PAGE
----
Production of OspA in rice for the control of Lyme Disease
Small Business Information
2120 MILESTONE DRIVE, SUITE 102, FORT COLLINS, CO, 80525
AbstractDESCRIPTION (provided by applicant): A vaccine for humans against Lyme disease caused by B. burgdorferi is currently not available due to market acceptance and safety of an injectable vaccine based on outer surface protein A (OspA). An alternate approach t o protecting humans from Lyme disease is to vaccinate the disease reservoirs to reduce or eliminate B. burgdorferi from vector ticks, thereby suppressing enzootic transmission and preventing them from passing the disease to humans. A number of studies have shown that orally administered OspA based vaccines successfully vaccinate rodents, and reduce prevalence of infection in ticks. In the present proposal, we plan to develop a novel approach for preventing human exposure to Lyme disease spirochetes by signi ficantly reducing infection prevalence in the tick vector, Ixodes scapularis, using reservoir targeted vaccines (RTVs) derived from rice. We will develop stable homozygous rice lines from our first generation transformants that can be used to produce rOspA for the present study and for future large scale production and community-wide distribution. We will formulate the rOspA and test the effectiveness of a reservoir targeting vaccine in laboratory animals. Finally, we will conduct purification and in vitro characterization of rOspA for use in future regulatory approval of rOspA based vaccines. Since rice grain is naturally a food of many of the animals expected to serve as B. burgdorferi reservoirs, producing rOspA in rice provides a distinct advantage over other expression systems and more importantly, rice-based rOspA will offer an excellent safety profile to humans, animals and the environment. Public Health Relevance: Lyme disease, caused by a bite from ticks carrying B. burgdorferi, is a major threat to human health in many areas of the United States. Previous studies show that the prevalence of B. burgdorferi in ticks can be dramatically reduced by vaccinating rodent reservoirs with outer surface protein A from B. burgdorferi. Development of an affordabl e oral vaccine would enable large scale vaccination of animal reservoirs, and decrease the risk of transmitting Lyme disease to humans.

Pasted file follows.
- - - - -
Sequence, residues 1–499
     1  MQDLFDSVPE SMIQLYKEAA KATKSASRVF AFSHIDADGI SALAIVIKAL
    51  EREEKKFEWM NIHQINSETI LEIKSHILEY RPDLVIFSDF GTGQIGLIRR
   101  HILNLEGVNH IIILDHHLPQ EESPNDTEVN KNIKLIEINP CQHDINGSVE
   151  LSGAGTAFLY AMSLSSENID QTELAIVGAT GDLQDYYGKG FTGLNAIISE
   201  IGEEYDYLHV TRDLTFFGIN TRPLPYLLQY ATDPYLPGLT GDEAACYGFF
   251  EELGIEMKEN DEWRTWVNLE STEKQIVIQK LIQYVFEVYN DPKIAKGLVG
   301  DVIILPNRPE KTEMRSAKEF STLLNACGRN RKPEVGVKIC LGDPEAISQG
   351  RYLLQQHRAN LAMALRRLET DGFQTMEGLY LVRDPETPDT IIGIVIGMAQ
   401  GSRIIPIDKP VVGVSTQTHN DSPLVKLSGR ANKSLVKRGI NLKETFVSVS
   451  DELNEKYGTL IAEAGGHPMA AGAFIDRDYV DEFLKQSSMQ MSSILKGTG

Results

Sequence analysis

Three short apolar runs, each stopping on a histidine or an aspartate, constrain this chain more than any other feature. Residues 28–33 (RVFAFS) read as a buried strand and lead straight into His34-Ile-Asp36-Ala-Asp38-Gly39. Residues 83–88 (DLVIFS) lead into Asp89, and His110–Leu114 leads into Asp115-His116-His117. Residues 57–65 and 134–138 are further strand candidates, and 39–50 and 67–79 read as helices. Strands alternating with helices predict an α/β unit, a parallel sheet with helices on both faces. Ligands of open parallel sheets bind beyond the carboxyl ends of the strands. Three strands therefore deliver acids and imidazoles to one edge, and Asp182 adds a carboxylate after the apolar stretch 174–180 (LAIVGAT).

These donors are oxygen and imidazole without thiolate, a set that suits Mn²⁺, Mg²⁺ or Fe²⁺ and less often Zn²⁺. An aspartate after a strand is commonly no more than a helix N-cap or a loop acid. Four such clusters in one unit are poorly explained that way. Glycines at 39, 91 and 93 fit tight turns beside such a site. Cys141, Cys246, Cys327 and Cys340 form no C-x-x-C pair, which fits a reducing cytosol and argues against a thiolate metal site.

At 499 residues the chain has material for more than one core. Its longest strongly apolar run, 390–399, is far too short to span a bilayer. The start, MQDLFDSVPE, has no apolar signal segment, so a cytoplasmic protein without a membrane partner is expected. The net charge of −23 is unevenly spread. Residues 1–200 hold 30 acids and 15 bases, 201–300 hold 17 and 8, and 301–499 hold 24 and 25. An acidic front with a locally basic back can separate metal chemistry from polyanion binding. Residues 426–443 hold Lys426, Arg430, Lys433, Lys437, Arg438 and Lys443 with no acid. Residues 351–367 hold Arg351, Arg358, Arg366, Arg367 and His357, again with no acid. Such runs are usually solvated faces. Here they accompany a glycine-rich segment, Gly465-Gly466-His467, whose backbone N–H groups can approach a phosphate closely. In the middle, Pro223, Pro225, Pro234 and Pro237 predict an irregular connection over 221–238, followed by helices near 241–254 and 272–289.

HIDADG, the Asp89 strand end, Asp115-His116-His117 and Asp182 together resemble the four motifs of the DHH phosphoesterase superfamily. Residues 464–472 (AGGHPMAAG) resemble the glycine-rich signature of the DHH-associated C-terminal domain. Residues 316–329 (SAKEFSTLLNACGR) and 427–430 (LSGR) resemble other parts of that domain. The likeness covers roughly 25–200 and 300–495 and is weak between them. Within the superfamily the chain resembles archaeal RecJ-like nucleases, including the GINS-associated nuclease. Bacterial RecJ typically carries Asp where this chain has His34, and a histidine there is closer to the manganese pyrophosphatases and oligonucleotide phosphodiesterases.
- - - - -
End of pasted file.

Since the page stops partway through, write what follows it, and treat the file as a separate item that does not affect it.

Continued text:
* information listed above is at the time of submission.